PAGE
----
|Publication number||US5335184 A|
|Application number||US 07/553,939|
|Publication date||Aug 2, 1994|
|Filing date||Jul 16, 1990|
|Priority date||Jul 16, 1990|
|Also published as||WO1992001932A1|
|Publication number||07553939, 553939, US 5335184 A, US 5335184A, US-A-5335184, US5335184 A, US5335184A|
|Inventors||Bernard P. Hildebrand|
|Original Assignee||Battelle Memorial Institute|
|Export Citation||BiBTeX, EndNote, RefMan|
|Patent Citations (6), Referenced by (18), Classifications (6), Legal Events (6)|
|External Links: USPTO, USPTO Assignment, Espacenet|
This invention was made with Government support under Contract DE-AC06-76RLO 1830 awarded by the U.S. Department of Energy. The Government has certain rights in the invention.
The present invention relates to the nondestructive testing of materials using ultrasonic pulses or waves. More particularly, the present invention relates specifically to the enhanced aging of a test material, with periodic ultrasonic testing, in order to determine susceptibility to failure-related flaws prior to installation of the material.
Nondestructive testing of materials using ultrasonic waves in order to determine the presence of cracks, flaws, inclusions, etc., in, for instance, metallic structures, is well known to those skilled in the art. Such procedures are commonly utilized to test materials prior to their installation, or materials which have already been installed and in service for a period of time. For example, the ultrasonic testing of metallic objects used in fastening or structural components of aircraft may be accomplished prior to their installation. Likewise, nondestructive ultrasonic examination of such components may be performed after some substantial period of aging. In both cases, the nondestructive testing is intended to identify failure-inducing flaws prior to an actual failure.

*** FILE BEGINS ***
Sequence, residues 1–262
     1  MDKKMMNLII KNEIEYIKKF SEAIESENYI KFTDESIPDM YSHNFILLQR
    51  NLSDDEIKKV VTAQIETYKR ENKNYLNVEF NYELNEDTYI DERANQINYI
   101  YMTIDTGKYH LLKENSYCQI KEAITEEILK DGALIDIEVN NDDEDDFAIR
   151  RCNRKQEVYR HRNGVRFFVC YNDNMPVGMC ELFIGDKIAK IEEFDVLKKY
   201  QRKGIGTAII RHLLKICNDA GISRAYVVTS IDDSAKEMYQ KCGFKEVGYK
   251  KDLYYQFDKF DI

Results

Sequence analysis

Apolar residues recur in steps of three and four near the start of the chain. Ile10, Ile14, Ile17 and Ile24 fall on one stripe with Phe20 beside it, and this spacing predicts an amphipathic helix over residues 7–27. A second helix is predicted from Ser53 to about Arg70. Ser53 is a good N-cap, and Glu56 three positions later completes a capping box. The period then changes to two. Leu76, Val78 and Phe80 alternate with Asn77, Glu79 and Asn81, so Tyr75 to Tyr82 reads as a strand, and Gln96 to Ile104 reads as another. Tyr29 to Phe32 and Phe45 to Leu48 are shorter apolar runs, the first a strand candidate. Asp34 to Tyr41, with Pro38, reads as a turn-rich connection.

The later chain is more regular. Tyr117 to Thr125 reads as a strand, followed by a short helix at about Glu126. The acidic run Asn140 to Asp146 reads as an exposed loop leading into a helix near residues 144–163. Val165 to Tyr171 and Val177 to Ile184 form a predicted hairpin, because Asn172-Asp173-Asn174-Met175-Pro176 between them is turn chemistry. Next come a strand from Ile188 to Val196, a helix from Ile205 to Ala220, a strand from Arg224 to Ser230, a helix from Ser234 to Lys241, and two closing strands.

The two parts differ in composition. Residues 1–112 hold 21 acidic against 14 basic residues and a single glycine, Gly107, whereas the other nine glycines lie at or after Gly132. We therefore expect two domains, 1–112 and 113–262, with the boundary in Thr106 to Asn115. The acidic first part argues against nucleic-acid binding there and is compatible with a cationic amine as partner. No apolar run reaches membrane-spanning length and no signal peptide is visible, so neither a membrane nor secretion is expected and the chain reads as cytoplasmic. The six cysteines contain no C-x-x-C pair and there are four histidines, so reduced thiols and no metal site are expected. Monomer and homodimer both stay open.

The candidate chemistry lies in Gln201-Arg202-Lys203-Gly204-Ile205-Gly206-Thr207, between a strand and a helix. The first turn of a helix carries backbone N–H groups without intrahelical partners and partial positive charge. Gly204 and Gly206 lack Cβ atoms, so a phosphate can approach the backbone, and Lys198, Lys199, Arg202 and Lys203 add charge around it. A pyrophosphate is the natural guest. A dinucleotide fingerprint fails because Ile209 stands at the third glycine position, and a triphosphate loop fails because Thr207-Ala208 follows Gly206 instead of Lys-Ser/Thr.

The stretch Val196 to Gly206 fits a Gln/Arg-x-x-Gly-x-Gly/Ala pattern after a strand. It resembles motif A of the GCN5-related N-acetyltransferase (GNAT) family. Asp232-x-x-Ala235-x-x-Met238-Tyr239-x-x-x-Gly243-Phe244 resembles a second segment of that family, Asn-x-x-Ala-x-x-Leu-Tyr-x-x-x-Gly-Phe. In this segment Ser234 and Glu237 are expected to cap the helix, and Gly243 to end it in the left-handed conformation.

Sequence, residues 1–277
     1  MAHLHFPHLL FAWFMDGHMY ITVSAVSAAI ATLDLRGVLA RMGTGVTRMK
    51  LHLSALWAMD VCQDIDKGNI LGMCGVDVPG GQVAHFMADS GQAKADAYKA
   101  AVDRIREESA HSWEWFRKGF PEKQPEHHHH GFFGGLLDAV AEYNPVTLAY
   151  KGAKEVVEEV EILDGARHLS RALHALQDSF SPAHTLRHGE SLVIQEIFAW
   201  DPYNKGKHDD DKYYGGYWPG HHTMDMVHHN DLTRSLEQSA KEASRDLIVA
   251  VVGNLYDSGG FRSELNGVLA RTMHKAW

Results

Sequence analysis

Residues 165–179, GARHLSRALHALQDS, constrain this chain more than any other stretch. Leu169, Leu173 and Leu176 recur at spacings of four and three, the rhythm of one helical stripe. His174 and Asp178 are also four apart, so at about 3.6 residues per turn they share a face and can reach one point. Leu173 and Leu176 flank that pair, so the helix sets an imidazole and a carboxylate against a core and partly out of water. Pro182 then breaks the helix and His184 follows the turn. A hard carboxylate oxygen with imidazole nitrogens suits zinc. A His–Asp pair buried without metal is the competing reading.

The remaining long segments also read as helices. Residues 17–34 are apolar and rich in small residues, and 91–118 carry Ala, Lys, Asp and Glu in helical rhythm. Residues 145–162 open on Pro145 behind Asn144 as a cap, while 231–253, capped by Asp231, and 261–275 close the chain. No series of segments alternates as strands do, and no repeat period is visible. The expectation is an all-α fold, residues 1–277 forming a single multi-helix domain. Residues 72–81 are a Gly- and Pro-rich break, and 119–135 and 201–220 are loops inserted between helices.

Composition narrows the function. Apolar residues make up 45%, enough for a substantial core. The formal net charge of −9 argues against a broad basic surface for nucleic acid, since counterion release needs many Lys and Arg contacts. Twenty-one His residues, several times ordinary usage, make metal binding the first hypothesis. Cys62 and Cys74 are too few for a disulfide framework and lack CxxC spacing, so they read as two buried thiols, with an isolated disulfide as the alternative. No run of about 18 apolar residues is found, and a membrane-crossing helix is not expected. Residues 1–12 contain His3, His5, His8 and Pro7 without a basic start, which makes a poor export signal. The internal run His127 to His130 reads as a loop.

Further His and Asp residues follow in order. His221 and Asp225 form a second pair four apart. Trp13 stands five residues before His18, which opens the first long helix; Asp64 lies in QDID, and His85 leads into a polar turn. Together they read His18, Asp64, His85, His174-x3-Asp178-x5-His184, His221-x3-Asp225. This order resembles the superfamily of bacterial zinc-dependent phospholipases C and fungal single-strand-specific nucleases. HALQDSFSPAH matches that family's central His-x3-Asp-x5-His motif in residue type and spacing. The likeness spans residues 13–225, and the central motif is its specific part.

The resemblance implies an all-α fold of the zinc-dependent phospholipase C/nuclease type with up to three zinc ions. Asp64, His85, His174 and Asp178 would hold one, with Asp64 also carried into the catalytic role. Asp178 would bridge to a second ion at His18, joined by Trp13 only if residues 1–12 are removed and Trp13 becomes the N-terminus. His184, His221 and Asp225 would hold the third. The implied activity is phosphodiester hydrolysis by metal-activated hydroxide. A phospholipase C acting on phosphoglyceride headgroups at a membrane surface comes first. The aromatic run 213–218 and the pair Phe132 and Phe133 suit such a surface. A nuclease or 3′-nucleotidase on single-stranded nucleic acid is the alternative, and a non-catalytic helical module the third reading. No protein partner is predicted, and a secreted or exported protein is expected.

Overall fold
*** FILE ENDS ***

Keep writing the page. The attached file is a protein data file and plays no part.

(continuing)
Nondestructive testing with ultrasonic imaging is also utilized in the detection of diseased tissue, as in U.S. Pat. No. 4,817,015, Insana et al., wherein tissue signatures were obtained from first and second order statistics of an image texture in order to discriminate between normal and abnormal tissue conditions. The process characterized tissues by statistically comparing the back scatter properties of tissues estimated from wave form statistics resulting from the mean spacing of periodic tissue scatterers over the test tissue.
However, none of the prior art discloses a method for statistically determining the presence of aging-related conditions in a structure which are the precursors to failure-related flaws, such as cracks. In spite of the obvious usefulness of such a process, there has not been provided a method for accomplishing this result.
In its broadest embodiment, the method of the present invention is a procedure to detect conditions in a structure incident to aging which may form the basis for failure-related flaws at some later date. As used herein, the word "condition" can refer to any change in a structural attribute which is statistically identifiable, and which may indicate a propensity to evolve into a flaw with further aging. The term "flaw" is intended to mean any crack, void, change in crystalline structure, etc., which leads to a structural failure.